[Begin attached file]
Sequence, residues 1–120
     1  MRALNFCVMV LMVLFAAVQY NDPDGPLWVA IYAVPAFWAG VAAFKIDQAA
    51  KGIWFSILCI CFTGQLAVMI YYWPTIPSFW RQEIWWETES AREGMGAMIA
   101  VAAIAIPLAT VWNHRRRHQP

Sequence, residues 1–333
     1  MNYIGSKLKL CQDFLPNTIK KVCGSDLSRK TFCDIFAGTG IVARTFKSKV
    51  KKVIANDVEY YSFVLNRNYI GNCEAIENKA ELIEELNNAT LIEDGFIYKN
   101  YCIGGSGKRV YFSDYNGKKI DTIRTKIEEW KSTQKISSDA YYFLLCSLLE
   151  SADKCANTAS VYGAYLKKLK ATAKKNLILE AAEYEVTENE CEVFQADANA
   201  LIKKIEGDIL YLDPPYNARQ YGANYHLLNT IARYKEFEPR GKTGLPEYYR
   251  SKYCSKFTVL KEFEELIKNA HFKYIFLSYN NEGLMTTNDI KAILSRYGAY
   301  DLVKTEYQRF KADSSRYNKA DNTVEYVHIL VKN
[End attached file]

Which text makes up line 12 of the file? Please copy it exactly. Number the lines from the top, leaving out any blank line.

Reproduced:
   301  DLVKTEYQRF KADSSRYNKA DNTVEYVHIL VKN